Professional Curosity and Success: The Benefits of Being Curious at Work
“They” say that curiosity is a sign of cerebral intelligence. I don’t know if that is true, but I do know that healthy, professional curiosity helps you do your job better. This article outlines 15 potential areas of focus for curiosity at work. As you read them, see where you already express reasonable curiosity and where you could benefit from starting to explore and express it.
“They” say that curiosity is a sign of cerebral intelligence. I don’t know if that is true, but I do know that healthy, professional curiosity helps you do your job better. When you are curious, you generally end up gaining more knowledge about a situation, relationship, event, process, or plan. This information can be very useful. It can position you to see things comprehensively, understand circumstantial background, alter your judgments, and make better decisions. Curiosity motivates you to explore something on a deeper level. And when you do that, you serve both yourself and your workplace more effectively.
If you are not curious, you tend to accept life at face value. This approach causes you to miss, ignore, or gloss over essential facts, factors, and insights you need in order to perform optimally on the job. It’s safer not be curious, you know. Life seems simpler, easier, and less stressful. But as an adult professional it is your duty to learn, investigate, uncover, examine, detect, reveal, and discern all kinds of things in your world. In other words, being curious is really your responsibility rather than an option.
Take a look at the following 15 potential areas of focus for curiosity at work. As you read them, see where you already express reasonable curiosity and where you could benefit from starting to explore and express it.
1.Your physical environment: Do you ever think about how you could enhance your personal work space to increase your comfort there? Do you have ideas for decreasing the noise level or ensuring people’s general safety?
2.Your professional image and reputation: Do you wonder how others perceive you? Have you considered different strategies for obtaining this information?
3.Employee performance: Do you ask your staff about their personal and professional growth goals? When you have a problem employee, do you probe the reasons for his inappropriate behavior or lack of project completion?
4.Processes and procedures: Do you question the rationale behind them? Do you examine their purpose and relevance to present day work?
5.Other people’s feelings and thoughts: Do you take time to find out why someone feels a certain way about a particular issue or decision? Do you invite her to share her thoughts about how a problem could be resolved? Do you ask others to explain why they think or feel the way they do?
6.The bigger picture: Do you stop to consider how each of your tasks and activities fits into the larger organizational picture? If you’re unclear about what that bigger picture is, do you bother to ask?
7.The sale-ability of a potential new product or service: Do you research the market? Do you explore client/customer interest in what you are planning?
8.Unspoken rules and your workplace culture: Could you describe the culture in a single sentence? Could you list three to five unspoken rules? Are you taking steps to learn these rules if you have no idea what they are?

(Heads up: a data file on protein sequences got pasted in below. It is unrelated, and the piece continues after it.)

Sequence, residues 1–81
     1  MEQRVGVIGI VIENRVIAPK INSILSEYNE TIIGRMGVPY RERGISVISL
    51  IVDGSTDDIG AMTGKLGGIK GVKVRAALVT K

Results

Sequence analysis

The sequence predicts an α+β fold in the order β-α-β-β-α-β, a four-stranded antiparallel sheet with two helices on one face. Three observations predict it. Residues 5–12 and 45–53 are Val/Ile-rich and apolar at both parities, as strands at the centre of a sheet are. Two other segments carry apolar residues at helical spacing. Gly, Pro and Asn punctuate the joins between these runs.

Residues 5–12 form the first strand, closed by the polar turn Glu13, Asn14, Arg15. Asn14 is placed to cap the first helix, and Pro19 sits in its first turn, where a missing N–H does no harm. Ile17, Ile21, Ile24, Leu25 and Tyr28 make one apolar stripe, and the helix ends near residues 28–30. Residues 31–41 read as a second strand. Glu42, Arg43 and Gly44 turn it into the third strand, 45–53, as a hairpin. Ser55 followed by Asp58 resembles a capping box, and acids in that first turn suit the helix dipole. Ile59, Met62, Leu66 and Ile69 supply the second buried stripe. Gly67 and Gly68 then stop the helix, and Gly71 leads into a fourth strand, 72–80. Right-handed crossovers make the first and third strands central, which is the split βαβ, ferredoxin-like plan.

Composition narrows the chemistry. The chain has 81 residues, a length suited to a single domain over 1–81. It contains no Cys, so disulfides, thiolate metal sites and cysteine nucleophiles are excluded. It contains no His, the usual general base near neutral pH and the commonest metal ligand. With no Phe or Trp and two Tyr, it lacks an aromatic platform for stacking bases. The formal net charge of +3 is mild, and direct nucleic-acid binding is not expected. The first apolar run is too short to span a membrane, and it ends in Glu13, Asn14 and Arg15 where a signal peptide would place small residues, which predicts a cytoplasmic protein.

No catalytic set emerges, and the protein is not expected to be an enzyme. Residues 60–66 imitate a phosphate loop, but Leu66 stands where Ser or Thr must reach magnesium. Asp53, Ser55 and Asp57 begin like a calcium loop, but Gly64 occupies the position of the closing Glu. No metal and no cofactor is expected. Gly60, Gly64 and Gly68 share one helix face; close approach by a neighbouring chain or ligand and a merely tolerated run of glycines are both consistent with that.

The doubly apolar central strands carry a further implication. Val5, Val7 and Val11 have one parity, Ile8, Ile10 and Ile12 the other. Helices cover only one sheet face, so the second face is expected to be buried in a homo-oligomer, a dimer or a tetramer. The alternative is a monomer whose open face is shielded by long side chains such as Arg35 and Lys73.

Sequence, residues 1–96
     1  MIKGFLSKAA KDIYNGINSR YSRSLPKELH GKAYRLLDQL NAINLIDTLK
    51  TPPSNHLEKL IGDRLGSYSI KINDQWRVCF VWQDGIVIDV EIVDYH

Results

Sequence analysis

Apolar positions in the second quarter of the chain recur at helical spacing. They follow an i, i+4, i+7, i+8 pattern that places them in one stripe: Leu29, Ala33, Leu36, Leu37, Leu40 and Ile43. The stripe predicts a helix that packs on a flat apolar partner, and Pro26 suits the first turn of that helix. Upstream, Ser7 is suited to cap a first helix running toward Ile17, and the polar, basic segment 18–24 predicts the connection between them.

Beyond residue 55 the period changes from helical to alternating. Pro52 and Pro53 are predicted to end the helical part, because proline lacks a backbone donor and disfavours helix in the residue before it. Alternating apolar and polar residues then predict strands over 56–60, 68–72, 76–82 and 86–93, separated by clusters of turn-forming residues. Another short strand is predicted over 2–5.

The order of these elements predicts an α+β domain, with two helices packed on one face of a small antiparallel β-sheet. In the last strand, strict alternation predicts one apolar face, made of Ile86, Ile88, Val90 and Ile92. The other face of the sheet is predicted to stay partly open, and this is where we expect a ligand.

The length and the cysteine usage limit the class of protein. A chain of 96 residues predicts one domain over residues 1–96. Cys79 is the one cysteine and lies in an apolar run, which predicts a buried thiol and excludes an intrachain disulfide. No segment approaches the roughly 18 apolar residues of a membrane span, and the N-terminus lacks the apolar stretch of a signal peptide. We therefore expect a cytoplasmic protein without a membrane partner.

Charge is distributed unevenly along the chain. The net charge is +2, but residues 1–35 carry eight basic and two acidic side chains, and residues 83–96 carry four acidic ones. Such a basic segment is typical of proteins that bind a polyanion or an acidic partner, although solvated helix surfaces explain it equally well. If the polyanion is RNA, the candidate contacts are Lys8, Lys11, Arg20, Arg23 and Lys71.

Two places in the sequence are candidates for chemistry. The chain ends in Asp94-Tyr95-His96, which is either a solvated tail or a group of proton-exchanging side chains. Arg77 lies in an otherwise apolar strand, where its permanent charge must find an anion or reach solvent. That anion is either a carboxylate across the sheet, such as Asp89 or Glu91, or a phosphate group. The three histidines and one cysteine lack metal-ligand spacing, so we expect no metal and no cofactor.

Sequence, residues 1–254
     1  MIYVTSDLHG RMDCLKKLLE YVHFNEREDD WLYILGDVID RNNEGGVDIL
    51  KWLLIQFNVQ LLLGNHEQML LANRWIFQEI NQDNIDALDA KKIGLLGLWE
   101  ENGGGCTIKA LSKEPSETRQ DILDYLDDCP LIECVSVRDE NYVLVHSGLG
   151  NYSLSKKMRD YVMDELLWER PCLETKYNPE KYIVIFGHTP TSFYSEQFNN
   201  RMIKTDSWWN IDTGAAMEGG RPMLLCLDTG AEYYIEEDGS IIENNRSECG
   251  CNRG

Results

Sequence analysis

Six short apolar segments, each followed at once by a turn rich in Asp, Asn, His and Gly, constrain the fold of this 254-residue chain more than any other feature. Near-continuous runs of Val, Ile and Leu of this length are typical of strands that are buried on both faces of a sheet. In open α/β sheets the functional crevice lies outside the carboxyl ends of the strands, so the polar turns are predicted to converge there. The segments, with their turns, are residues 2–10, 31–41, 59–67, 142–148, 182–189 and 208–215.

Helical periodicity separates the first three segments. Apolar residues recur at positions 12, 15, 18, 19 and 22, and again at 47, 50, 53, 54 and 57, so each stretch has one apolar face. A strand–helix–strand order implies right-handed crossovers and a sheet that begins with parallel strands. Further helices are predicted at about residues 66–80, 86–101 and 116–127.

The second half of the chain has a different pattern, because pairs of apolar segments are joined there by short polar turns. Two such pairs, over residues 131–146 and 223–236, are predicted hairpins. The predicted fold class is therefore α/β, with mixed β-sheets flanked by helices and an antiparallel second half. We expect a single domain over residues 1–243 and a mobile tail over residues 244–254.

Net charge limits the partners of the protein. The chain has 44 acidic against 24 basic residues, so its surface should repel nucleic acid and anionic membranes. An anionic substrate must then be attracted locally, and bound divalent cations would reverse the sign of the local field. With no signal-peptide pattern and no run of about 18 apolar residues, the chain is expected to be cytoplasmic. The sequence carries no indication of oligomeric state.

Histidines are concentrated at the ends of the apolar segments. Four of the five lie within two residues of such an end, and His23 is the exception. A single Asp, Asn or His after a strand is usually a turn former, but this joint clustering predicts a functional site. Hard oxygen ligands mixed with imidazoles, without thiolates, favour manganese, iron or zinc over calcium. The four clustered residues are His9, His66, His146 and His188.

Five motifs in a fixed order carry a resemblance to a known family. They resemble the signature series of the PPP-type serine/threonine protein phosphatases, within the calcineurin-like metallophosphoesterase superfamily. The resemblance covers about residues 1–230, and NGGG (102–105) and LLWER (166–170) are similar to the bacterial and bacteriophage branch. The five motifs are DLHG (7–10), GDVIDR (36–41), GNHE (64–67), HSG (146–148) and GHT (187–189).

9.Approaches to various projects: Do you look at a project from different angles? To what extent do you analyze the pros and cons of various approaches?
10.Risk management: Do you know how you would handle a major computer crash, the death of a key employee, a low ROI on a brand new product? Do you know if your company has a formal risk management plan? Have you asked to see it?
11.Motivators for employees: Do you proactively ask each of your employees about what specifically motivates them to come to work each day? What motivates them to try harder? What motivates them to exceed expectations?
12.Consequences to your words and actions: Do you have a sense about how your verbal communication and actions “land” with others? Do you periodically conduct mini check-ins with folks to see where you may need to adjust your language or behavior?
13.Professional development: Do you assess areas for growth in both yourself and your staff? Do you investigate real time and online opportunities for filling those skill gaps?
14.Highly successful people: Do you study them to learn from them? Do you invest time in figuring out how you can implement some of their best strategies to reach the next level in your job and career?
15.Your future within your organization: Do you know what your professional future looks like within the organization you currently work for? Do you wonder how can you get clues or even strong indicators about it?
Get curious about any or all of the above areas and watch everything change: your relationships, experiences, productivity, and job satisfaction. Believe me: you’ll be amazed at the opportunities that come your way!
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ABOUT THE AUTHOR
Sylvia Hepler, Owner and President of Launching Lives, LLC, is an executive coach based in South Central PA. Her ideal clients are persons in management positions: corporate, nonprofit, and business owners. Her company mission is to support executives as they solve problems, develop leadership skills, and increase balance in their lives. Sylvia offers three programs, any of which may overlap depending on client need: First Class Management Program; Change, Loss, and Grief Program; and Career Development Program. Her professional background includes: extensive nonprofit management/leadership, public speaking, business writing, retail sales, and teaching.